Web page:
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Riparian Vegetation Classification Using the Dynamic Riparian Vegetation Model

Author(s): Takashi Asaeda

Linked Author(s): Takashi Asaeda

Keywords: Riparian vegetation; DRIPVEM; Deposition area; Gravelly river; Sandy river;

Abstract: Riparian vegetation depicts the condition of river channels. Midstream channel of continental rivers is covered with tall old trees until shoreline of water, while riparian zone is covered with gravelly substrate in the midstream of the steep rivers. The difference in vegetation is caused by the difference in the sediment supply into the river channel and the sediment deposition along the river channel, which inhibits the recovery of vegetation afterwards. In this study, a dynamic riparian vegetation model (DRIPVEM), capable of evaluating the growth of riparian trees, was used to evaluate the stable condition of vegetation coverage under the condition of flood hydrology and sediment yield in to the river channel. The gravelly rivers produced vegetation coverage after 50 years, which is highly influenced by the deposition area fraction, particularly dependent on the flood level. In sandy rivers, on the other hand, flood intensity affects the vegetation coverage rather than the deposition area fraction. The low nitrogen concentration of the deposited sediment which is a detrimental factor of vegetation coverage, decreases with the nitrogen concentration of the deposited sediment in gravelly channels, as gravel deposition suppresses the re-colonization of vegetation; however, for sandy channels, vegetation coverage increases with increasing deposition area fraction as the higher nitrogen concentration accelerates the vegetation recovery. This indicates that channels having mild slopes with sandy sediments, the vegetation recovery is not suppressed after a flood, and thickly forestated until shoreline. In the steep channels with gravel sediment sources nearby, gravel deposition at flood time, suppress the recovery of vegetation.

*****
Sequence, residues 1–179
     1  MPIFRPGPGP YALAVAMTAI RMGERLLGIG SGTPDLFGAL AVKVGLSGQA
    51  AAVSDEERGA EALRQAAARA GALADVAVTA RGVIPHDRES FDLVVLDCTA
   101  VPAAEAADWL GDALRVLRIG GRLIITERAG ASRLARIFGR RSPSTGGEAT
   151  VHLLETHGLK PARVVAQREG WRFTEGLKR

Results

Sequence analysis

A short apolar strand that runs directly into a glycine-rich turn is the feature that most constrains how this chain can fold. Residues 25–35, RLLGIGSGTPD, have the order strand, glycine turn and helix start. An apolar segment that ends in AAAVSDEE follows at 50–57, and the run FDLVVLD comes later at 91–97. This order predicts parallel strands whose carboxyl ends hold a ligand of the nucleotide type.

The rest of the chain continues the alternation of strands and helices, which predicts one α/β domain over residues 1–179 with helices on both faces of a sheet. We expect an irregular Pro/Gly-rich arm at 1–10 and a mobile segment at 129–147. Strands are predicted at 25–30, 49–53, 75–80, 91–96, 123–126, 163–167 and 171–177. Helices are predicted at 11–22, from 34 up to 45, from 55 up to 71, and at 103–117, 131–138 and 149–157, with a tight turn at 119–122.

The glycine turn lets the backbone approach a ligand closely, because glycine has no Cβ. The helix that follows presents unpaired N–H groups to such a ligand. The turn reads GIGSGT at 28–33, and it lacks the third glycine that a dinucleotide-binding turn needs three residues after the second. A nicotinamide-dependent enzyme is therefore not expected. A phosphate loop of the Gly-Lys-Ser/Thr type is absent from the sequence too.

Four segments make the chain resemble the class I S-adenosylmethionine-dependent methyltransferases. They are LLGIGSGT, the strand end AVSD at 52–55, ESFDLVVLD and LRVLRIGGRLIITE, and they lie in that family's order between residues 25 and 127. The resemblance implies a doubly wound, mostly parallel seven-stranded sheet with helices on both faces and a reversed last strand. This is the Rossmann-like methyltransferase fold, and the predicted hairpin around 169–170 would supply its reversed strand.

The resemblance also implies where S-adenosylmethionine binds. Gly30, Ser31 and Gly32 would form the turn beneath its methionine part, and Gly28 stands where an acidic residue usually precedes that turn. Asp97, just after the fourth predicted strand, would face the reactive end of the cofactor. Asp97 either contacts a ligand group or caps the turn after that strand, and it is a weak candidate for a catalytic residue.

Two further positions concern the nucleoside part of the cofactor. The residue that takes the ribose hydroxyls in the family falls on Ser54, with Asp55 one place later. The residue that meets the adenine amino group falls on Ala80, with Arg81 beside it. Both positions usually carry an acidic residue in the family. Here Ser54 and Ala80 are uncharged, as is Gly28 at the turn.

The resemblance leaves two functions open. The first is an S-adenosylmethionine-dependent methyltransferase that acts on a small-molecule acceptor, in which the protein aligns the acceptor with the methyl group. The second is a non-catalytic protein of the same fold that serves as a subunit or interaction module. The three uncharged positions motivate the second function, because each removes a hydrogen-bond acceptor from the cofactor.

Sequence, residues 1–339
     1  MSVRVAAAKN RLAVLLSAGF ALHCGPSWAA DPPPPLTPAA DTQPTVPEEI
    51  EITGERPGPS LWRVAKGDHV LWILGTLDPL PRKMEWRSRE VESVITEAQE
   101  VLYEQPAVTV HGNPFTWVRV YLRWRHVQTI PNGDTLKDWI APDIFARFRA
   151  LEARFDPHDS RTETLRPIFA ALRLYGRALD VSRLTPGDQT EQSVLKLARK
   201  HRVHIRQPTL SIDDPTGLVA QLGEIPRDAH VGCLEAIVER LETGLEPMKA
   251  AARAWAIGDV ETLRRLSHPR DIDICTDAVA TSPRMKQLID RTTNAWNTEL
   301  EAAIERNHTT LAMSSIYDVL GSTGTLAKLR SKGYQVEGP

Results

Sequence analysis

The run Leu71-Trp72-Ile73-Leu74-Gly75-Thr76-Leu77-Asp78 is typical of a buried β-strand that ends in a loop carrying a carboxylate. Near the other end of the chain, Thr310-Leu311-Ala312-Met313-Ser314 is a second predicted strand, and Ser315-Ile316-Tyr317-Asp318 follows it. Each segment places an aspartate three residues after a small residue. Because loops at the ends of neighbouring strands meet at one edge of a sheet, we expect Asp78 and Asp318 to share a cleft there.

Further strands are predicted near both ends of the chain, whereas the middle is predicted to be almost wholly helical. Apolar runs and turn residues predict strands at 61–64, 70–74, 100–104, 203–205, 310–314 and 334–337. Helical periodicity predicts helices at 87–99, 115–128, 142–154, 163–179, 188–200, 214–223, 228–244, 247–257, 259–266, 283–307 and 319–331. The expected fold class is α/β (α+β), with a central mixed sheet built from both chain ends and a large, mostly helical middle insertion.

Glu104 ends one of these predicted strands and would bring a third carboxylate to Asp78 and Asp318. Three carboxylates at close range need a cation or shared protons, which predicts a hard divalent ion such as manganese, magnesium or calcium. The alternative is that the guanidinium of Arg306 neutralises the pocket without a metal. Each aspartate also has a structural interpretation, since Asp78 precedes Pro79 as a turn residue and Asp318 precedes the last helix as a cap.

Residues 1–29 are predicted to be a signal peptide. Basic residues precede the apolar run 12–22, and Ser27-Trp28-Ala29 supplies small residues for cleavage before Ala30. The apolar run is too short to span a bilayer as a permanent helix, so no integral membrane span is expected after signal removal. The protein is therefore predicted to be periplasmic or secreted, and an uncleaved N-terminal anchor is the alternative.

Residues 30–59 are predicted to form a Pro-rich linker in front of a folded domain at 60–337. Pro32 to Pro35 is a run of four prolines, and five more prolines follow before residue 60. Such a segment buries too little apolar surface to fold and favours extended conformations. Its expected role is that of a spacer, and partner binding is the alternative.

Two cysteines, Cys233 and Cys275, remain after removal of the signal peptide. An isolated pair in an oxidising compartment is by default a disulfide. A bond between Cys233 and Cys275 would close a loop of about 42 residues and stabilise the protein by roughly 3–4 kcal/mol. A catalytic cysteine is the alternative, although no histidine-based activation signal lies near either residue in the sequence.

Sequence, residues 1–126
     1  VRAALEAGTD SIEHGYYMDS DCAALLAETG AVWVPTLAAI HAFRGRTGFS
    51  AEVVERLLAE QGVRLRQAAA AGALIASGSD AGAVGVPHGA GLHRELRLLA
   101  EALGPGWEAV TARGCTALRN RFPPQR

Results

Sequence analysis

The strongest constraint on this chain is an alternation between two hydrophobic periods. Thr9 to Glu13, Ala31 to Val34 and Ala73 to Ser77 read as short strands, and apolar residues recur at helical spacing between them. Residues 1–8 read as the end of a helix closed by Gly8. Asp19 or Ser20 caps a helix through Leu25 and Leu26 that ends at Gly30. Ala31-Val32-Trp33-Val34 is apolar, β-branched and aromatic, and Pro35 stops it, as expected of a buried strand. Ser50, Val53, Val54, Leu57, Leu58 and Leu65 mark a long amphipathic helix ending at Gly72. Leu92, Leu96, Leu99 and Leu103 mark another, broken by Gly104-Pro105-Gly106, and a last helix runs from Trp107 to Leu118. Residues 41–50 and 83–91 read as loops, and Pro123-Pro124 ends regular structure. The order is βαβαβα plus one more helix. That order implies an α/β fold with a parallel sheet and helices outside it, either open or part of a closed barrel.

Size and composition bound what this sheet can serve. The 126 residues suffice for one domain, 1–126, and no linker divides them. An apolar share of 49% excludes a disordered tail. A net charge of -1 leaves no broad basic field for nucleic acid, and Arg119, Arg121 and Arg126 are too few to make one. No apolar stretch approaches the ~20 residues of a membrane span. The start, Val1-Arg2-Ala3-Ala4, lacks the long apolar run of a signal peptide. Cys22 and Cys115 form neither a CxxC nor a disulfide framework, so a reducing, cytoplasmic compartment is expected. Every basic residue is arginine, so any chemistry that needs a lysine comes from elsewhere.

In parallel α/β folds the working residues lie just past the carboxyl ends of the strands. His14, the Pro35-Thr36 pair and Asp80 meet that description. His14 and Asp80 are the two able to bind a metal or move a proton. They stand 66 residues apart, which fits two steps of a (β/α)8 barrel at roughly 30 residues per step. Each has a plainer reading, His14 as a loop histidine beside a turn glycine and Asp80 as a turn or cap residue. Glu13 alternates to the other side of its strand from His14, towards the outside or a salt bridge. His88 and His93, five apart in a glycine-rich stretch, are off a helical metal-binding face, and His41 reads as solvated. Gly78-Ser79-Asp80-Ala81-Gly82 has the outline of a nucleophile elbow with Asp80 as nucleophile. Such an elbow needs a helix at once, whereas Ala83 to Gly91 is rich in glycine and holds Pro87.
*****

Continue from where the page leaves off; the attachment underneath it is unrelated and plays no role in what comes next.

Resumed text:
Year: 2019

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